Looney Labs Rabbits Mailing list Archive

[Rabbits] [Event] Pyramids and Werewolves by David Artman

  • FromSuperFRED <superfred@xxxxxxxxxxxxxx>
  • DateMon, 12 Mar 2007 14:32:02 -0500
This is an auto-generated report from SuperFRED regarding an event that David Artman has submitted.

Title: Pyramids and Werewolves
Location: StellarCon, High Point, NC
Date: March 10 - 11

StellarCon was a positive success for Pyramid games and, frankly, a failure of my first Are You A Werewolf event.

SATURDAY, 9am - 1pm
I setup displays to demo Martian Coasters, Treehouse, Martin Chess, and Martian Mud Wrestling, because I am best at teaching these games and they seem to show the variety of game styles for pyramid pieces. Over the course of the morning, I was able to demo all the games to a steady flow of curious folks of all ages. Few folks stayed to learn more than a couple games--except one posse of kids who, I suspect, I'd been elected to babysit for a while, which is fine. I tried to quiz folks on what sorts of other games they like to play, prior to explaining one of mine, so that I'd at least avoid teaching highly random games to folks who hate them and vice versa. For the most part, this worked well.

By the end of the session, I'd spoken with approximately twenty unique visitors, played several rounds of each of the four games--Martian Mud Wrestling was the hands-down favorite with the kids, while adults unsurprisingly preferred Martian Chess--and gotten one confirmed sale in the Dealer Room. (I am in close contact with SciFi Genre, who was the only retailer at StellarCon with pyramids and coasters and caps. Thanks, guys, if you're reading!)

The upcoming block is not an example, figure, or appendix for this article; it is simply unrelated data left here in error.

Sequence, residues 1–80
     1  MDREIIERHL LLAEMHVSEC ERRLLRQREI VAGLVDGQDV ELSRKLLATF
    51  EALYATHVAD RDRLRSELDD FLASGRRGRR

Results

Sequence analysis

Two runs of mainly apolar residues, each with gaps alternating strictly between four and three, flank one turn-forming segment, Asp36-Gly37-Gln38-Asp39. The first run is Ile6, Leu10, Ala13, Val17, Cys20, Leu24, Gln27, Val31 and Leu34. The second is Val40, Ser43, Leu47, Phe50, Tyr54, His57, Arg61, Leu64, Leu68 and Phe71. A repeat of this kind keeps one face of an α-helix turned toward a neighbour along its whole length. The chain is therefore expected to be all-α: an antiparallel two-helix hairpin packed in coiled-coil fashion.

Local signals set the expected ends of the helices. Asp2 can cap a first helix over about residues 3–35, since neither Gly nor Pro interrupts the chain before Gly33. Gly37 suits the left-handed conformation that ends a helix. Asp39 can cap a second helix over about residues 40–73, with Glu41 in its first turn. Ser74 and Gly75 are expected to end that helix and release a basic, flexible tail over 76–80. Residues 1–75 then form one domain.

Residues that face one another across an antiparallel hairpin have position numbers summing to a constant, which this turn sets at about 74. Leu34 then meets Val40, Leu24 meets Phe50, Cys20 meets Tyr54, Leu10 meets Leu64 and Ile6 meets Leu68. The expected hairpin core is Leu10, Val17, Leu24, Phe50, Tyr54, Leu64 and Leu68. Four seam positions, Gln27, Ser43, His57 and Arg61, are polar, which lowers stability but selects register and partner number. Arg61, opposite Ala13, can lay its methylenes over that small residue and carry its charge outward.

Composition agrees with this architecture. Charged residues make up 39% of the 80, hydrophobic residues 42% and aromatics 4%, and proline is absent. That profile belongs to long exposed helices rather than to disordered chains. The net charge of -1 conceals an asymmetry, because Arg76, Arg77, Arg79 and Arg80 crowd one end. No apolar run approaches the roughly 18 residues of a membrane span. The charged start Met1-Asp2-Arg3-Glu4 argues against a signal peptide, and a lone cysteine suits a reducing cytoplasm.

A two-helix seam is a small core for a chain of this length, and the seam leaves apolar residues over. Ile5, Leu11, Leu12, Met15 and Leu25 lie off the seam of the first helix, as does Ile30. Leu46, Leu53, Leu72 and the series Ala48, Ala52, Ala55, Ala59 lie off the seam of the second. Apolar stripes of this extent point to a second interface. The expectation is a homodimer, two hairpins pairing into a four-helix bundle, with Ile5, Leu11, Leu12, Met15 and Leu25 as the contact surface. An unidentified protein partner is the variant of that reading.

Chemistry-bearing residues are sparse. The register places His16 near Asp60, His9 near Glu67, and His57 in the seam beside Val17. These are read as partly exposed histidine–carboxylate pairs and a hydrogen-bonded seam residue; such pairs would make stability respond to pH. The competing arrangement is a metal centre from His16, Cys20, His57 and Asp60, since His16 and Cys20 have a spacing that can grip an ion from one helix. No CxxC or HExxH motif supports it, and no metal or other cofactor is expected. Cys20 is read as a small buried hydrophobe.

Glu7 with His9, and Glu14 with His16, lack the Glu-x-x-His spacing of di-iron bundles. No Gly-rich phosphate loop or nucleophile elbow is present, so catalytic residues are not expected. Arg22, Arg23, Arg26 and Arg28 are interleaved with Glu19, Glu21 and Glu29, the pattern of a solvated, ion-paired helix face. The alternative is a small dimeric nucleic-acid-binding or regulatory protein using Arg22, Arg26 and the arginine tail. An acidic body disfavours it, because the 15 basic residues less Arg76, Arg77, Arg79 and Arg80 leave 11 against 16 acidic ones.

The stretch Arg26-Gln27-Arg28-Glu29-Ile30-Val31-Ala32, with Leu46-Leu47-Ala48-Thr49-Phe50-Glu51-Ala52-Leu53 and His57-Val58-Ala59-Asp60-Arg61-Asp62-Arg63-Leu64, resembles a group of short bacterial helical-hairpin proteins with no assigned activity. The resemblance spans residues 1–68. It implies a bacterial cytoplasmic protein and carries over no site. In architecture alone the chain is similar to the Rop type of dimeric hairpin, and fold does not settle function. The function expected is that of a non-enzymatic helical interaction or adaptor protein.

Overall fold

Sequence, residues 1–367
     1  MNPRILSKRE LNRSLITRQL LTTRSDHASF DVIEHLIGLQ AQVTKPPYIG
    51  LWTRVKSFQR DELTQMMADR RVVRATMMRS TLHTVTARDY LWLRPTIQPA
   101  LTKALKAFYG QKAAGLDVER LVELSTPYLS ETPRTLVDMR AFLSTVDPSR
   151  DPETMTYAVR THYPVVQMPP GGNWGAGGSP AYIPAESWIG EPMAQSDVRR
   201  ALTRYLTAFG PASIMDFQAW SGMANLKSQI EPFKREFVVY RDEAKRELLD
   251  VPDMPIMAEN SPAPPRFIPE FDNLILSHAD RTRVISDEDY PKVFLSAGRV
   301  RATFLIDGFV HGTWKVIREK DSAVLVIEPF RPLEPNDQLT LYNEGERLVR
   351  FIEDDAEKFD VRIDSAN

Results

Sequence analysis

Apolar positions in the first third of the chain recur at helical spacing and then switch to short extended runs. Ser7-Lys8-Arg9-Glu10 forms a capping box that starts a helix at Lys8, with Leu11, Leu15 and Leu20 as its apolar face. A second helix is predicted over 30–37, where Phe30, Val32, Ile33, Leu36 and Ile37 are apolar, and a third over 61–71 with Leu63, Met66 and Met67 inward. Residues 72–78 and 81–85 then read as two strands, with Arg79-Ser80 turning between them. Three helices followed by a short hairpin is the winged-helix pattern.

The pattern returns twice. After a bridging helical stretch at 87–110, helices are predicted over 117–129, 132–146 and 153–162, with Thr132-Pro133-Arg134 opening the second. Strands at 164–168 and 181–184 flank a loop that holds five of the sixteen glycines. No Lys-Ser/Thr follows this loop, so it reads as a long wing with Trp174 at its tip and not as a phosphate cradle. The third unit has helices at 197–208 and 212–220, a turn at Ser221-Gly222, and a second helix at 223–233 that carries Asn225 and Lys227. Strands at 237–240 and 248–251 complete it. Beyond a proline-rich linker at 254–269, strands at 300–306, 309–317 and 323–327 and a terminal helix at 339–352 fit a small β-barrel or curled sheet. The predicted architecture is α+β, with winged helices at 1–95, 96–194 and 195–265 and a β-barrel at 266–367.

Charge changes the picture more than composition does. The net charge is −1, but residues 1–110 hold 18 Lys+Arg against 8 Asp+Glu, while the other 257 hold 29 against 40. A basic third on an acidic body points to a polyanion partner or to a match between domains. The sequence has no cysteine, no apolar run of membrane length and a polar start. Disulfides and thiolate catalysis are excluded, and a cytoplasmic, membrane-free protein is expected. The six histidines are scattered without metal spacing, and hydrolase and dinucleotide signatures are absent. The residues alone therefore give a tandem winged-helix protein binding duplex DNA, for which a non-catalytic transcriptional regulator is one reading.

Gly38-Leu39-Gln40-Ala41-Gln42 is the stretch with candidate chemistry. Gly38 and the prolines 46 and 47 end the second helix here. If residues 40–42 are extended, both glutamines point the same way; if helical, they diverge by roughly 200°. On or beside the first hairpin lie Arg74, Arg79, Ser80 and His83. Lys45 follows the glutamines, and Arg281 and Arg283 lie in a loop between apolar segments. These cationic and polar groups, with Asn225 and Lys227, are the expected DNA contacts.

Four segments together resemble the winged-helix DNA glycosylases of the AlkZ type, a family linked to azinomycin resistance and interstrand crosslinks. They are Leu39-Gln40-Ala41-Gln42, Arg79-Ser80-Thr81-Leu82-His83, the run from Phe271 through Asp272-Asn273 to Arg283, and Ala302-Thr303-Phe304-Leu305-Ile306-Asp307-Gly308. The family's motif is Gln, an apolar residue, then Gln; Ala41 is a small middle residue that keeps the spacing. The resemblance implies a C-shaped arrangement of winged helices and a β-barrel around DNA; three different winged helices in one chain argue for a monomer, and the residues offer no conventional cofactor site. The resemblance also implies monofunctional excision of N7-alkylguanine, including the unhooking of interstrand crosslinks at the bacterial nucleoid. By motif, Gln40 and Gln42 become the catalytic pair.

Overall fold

Lessons Learned:
1) Kids are a double-edged sword, no matter how cute. Almost invariably, if I had two or three kids around, I couldn't get an adult to sit. But, as I came to learn by Sunday, they have a lot of clout with their parents (see below). And they can come up with some great stuff on their own (again, see below).
2) Have the rules down PAT, or don't try to demo. I had a rough early demo of Martian Coasters because I was a little hazy on the specifics of the movement rules--just lack of play experience, basically. As a result, one demo was sort of ragged and got a bit borked, due to a mid-game rule correction/clarification. Nobody really seemed to mind--they rolled right along with my mistake, adjusting when the first player's turn came back around--but it was unprofessional and embarrassing. Bad Rabbit.

SATURDAY, 8pm - 12am
I'd like to think I am a decent hawker. I had my Werewolf shirt on; I was off-handedly commenting to passersby that the "look like a werewolf" and getting some interest; I even had a small coterie of folks waiting for the first town to start (maybe four folks at any one time; but never ALL of them at the same time, which could have started a small town).

But I could not get a single town to start. I told folks "we're running them all night, they don't take too long: come back by, if you want!" So I had folks coming by off and on all night--but no one ever willing to stick it out until we had a quorum.

However, I might be able to share some blame with the convention planners. They had the costume contest, a panel with the guest of honor, and the charity auction ALL running in series, right smack in the middle of the Saturday Night slot. How's a guy gonna compete with that, huh? At one point, I was the ONLY person in the entire gaming area hallway. (I'll admit it: at that point, I went for a beer and a smoke....)

Lessons Learned:
1) Promote, promote, promote. I should have had signs in every hallway of the con. I should have been stumping for the game hours before the session start. I should have persuaded--and then all-but-manacled--a couple of seed players. Basically all of the stuff in the Rabbit to Rabbit letter, but MORE, MORE, MORE. I suspect that an AYAW event might need to be the ONLY thing someone does all day, if doing it at a con where it's not ubiquitous (like it is at DragonCon).